Einar and I talk about our approach to the Gary Vee content model—the inverted pyramid approach to creating a ton of content and distributing in every way you can. We talk about how primary content gets broken down into micro content, essentially ads that you put out as posts on social media platforms that point back to your main content. We talk about the role of tertiary content—the long-form posts we write that few people read—and why it shouldn’t be viewed as primary. I go into an example of my in-laws’ bookstore, which has taken this model and seen great success as a local business. Even though this is outside of our client base, it’s a really easy example to grasp and it shows that you don’t need much in the way of original content to draw people to your website and achieve your goals.
The way most people do web navigation is totally wrong. They organize their content by the type of media—wrong. They use drop-downs under each primary category—wrong. They carry over long menus onto mobile devices with small screens—wrong.
How do you avoid all this wrongness? Continue reading this post.
On Episode 8 of our podcast, we talked about the following best practices in website navigation:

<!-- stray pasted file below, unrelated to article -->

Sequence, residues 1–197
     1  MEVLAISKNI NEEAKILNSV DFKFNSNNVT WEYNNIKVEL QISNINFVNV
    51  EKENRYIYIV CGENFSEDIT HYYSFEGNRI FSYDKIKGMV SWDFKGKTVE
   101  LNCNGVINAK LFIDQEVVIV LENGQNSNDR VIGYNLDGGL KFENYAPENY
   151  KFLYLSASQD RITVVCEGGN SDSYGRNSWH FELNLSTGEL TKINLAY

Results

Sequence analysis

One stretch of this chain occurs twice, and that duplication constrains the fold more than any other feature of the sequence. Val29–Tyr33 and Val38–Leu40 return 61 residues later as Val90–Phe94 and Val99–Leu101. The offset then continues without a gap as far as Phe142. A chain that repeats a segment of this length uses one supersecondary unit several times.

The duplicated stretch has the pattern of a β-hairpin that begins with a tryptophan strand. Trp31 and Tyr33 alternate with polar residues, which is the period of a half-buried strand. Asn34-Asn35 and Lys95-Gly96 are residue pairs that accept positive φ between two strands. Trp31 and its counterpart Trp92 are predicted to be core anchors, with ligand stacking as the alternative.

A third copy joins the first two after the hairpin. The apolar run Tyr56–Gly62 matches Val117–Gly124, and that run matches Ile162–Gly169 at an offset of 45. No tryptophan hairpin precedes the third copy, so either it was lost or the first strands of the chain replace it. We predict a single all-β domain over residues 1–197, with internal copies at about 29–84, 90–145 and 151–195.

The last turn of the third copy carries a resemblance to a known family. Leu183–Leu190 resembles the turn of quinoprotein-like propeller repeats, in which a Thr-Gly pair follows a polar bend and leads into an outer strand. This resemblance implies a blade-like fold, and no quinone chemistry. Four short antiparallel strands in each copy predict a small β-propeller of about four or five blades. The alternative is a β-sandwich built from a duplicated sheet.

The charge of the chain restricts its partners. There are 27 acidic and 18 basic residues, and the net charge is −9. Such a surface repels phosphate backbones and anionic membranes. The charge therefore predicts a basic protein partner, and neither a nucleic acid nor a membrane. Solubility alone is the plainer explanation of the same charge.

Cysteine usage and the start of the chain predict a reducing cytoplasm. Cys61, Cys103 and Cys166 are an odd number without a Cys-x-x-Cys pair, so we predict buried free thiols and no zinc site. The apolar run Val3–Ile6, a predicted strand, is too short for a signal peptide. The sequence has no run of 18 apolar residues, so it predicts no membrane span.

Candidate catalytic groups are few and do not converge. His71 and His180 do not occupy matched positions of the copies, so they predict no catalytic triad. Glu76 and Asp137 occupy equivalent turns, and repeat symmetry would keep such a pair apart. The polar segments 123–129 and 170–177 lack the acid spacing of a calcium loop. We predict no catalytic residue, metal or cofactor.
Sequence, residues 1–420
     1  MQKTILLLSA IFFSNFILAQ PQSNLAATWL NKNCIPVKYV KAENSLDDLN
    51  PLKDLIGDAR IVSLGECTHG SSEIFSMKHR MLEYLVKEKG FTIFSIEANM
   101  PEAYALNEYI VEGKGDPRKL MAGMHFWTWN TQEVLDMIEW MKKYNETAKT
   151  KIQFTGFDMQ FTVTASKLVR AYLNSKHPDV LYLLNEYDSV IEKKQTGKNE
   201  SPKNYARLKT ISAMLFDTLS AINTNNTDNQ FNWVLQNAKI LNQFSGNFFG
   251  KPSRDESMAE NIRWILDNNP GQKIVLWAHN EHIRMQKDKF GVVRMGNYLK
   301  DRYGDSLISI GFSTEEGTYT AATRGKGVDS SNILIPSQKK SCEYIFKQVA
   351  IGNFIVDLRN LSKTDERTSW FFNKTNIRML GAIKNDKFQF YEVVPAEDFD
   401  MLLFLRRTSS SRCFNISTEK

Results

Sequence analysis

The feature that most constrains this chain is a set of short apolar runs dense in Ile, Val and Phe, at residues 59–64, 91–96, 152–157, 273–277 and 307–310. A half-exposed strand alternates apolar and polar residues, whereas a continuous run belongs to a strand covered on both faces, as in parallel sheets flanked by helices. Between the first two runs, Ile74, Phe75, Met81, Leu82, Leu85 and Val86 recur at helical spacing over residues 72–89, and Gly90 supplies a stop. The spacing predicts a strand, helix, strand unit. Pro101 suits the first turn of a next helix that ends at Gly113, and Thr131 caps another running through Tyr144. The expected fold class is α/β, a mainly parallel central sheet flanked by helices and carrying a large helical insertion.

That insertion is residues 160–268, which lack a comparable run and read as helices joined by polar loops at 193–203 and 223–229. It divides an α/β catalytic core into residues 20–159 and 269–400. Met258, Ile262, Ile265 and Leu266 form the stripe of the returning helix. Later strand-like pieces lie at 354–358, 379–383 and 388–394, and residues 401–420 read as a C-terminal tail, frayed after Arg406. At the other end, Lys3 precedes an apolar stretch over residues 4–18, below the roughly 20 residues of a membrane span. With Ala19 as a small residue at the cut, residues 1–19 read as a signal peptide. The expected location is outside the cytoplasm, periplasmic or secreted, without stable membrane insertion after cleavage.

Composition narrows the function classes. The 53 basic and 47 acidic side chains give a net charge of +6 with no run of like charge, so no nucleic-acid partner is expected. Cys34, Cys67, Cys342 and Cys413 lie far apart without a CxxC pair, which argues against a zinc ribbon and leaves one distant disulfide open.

- Be descriptive. Don’t use abstract menu titles like “products” or “services.” Instead, use specific product categories like “compasses” or “maps” and specific services categories like “custom cartography” both to spell out what your website is about for users and for search engines that are looking for specific keywords and key phrases.
- Avoid format-based navigation. Our think tank clients do this too much. No one is looking for a white paper or a “legislative action plan,” they’re looking for information on a particular topic. Your navigation should focus on the subject matter and guide the user to your most easy-to-understand content on that subject first, giving the option to dive deeper only if they want to. Don’t serve up the 50-page essay first, serve them the 30-second clip of the 60-minute panel discussion about the 50-page essay instead.
- Avoid drop-down menus. But how can anyone get anywhere without seeing the 12 subcategories we have under “research areas” or “programs” without a drop-down? Either include those subcategories on the “research areas” or “programs” page, or embrace the one acceptable form of drop-down, the mega menu. These menus lay bear the entire navigation of your site, or a whole section of your site, with one mouse-over. Users like them because they make drilling down to exactly what they want fast. We’re not just asserting this stuff, it’s born out by usability studies. Here’s an example of a mega menu from Moosejaw, a clothing and camping gear company: